In the lead-up to the COP26 climate summit the world scientific community, noting the rampant consumerism behind the threat to life systems, demanded global economic transformation. An important Glasgow sub-theme is capitalism – specifically the gung-ho form that has shaped today’s economies and turbocharged environmental degradation.

With time ticking away, governments are not responding quickly enough. The summit has sought to kick-start a rapid response, including a call for help from big capital. Having got rich on the back of screwing nature, helping in its rescue is the least the billionaires can do.

For its part, big capital is having to reinvent itself on the fly as the world at large awakens to the threat posed by humanity’s excesses. Warned by regulators, bankers and insurers of a material risk from climate change, an action alliance called The Investor Agenda has now attracted 733 of the world’s mega-rich representing about $A70 trillion in assets.

This is clearly not a trivial sum, but Scott Morrison is not for turning. At Glasgow the prime minister thumbed his nose at demands to do more, refusing to countenance phasing out coal and gas and ignoring potential penalties for exporters who ignore other countries’ carbon constraints.

Besides colossal tariffs on coal, a “carbon border adjustment mechanism” in train in Europe will impose lesser tariffs on our iron, steel, aluminium, grains, and meat and dairy products. The US and Canada have announced they are seriously considering similar tariffs. It’s a carbon tax by another name, except it will be imposed by foreign jurisdictions.

Australia rejected two Glasgow pledges – to stop using coal within two decades (we lined up with other coal producing countries including the US and China) and to stop public subsidies for fossil fuel projects unless national carbon pricing is in place. 

China already has a carbon price scheme and the US is contemplating one. The Coalition could opt to expand and enforce its own “safeguard mechanism”, but its long history of opposing carbon pricing says it won’t. So we’re more isolated than ever.

Measures like this are informing private capital around the world. Some large corporations relying on a long-term future for coal, oil and gas will fight them every step of the way. The Guardian’s Adam Morton reported last week that this will likely include secret legal actions seeking trillions of dollars in compensation from governments phasing out fossil fuels.

But the court of public opinion is the one that really matters. The mega-capitalists involved in The Investor Agenda are betting that the global public will continue to back strong action, and this will determine future policy. For that, while starting the process of re-shaping our economy, we will need venture capitalism to be heavily involved.

Firmly in this camp are Australians Mike Cannon-Brookes, creator of the software developer Atlassian and a campaigner for many years for renewable energy, and Andrew Forrest (“Twiggy” to his friends), founder of the mining company Fortescue.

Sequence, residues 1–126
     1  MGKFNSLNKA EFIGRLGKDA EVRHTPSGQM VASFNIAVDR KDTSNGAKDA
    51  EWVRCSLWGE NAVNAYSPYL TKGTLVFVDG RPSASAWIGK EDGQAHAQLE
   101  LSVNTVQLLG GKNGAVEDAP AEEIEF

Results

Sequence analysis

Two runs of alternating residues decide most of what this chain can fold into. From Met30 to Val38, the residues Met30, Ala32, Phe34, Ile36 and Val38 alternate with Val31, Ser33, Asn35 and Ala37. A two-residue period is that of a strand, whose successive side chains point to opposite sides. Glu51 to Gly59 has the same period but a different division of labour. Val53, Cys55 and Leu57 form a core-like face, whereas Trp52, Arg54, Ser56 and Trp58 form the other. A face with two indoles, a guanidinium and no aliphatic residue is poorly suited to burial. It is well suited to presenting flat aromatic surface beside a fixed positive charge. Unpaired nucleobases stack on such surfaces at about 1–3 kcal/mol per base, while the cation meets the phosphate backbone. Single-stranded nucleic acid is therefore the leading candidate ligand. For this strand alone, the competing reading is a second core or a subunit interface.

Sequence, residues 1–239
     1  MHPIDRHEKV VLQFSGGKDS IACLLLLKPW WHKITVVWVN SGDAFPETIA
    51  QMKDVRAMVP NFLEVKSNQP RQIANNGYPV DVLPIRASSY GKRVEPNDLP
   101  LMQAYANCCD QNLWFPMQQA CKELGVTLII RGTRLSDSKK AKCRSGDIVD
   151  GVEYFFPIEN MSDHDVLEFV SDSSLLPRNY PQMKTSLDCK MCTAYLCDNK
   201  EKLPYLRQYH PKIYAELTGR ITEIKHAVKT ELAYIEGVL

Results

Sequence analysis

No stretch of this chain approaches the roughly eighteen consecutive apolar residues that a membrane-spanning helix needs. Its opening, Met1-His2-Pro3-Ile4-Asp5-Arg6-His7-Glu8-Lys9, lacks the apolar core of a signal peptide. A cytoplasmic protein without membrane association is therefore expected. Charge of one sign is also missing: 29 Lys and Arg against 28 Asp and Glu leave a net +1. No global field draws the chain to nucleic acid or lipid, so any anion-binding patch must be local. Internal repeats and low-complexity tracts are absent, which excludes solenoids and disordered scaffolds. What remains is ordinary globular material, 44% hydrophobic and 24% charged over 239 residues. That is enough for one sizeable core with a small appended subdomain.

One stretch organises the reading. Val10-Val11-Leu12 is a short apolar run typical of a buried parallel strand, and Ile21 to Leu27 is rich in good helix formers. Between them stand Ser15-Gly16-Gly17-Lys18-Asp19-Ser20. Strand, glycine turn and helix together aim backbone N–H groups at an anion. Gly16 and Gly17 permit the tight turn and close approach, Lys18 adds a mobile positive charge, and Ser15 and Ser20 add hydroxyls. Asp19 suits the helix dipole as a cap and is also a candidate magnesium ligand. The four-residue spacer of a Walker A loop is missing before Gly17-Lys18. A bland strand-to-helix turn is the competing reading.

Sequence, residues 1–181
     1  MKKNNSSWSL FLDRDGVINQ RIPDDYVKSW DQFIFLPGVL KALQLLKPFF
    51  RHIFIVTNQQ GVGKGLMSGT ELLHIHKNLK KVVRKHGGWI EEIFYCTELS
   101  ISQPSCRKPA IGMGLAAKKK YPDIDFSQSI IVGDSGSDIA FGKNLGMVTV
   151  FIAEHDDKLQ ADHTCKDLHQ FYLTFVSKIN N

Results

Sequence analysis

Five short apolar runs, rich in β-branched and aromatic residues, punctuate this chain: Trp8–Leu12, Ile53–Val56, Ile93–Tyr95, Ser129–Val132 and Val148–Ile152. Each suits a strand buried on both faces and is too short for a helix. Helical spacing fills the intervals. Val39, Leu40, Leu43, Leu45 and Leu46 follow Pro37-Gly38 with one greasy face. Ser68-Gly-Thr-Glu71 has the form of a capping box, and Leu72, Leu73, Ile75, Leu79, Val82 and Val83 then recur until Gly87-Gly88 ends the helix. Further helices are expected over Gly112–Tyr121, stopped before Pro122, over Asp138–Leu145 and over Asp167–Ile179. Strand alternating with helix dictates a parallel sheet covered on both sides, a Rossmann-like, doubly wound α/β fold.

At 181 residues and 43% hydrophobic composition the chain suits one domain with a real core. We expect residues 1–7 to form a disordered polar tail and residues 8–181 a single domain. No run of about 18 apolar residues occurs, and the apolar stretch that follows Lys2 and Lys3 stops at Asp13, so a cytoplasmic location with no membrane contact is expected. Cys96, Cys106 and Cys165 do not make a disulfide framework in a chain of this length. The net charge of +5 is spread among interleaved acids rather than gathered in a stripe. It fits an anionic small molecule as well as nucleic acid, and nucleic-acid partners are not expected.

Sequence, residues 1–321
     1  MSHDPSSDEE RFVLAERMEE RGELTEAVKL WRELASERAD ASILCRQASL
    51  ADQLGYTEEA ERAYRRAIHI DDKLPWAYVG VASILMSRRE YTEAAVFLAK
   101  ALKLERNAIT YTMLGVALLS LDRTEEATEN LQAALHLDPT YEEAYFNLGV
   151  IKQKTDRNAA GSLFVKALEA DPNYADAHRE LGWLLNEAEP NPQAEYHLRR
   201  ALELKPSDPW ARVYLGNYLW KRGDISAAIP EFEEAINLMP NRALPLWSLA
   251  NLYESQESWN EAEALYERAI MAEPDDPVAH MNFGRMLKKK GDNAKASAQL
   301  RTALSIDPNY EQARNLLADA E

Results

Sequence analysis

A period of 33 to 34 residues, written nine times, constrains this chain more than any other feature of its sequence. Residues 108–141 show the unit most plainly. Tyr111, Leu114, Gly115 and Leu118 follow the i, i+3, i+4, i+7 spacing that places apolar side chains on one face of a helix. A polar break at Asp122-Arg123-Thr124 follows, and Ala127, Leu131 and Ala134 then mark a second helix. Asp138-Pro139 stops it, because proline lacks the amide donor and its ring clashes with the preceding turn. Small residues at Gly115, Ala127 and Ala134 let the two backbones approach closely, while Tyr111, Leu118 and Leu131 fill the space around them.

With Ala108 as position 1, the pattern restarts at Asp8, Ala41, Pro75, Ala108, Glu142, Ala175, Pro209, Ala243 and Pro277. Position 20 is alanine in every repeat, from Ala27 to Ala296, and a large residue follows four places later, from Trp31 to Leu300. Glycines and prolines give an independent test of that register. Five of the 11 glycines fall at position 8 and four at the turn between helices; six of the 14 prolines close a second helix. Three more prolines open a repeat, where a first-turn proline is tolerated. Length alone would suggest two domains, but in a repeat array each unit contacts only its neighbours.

Forrest is an improbable entrant into this space. Years ago he led the successful attack on Kevin Rudd’s proposal to tax miners’ super-profits (including his own), and has received hundreds of millions of dollars in government fossil fuel subsidies. But he says he’s now seen the light, indicated by an ambitious green energy agenda centred on hydrogen.

History offers plenty of instances of such people ultimately choosing to preserve their own wealth ahead of supporting the public good. There’s reason to be sceptical as to their longer-term commitment to humanity’s needs where this might compromise profit.

But right now, we need them. Democratic government is a cumbersome beast, essential to the success of the cause but by its nature prone to indecision and half-measures. In the handful of years left to get the country mobilised and fully behind reducing emissions, we need rapid and decisive actions, and for that, private capital is essential.

Discord over key elements supports the view of Swedish activist Greta Thunberg that the Glasgow meeting is a failure. But the girl who said panicking leaders would be a sign of progress should be pleased at the frenzy of activity around this massive gathering. 

Pledges already in place will make a difference; preliminary studies have even suggested they might keep warming below 2C. In any case it’s not over yet, and may yet deliver surprises. Fingers crossed.

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Leadership starts with listening

Parliamentary politics can be brutal. The moment non-government MPs seeking debate on their pet subject stand up to speak, it’s common practice for government MPs to walk out, returning only when called on to vote the motion down and end the debate.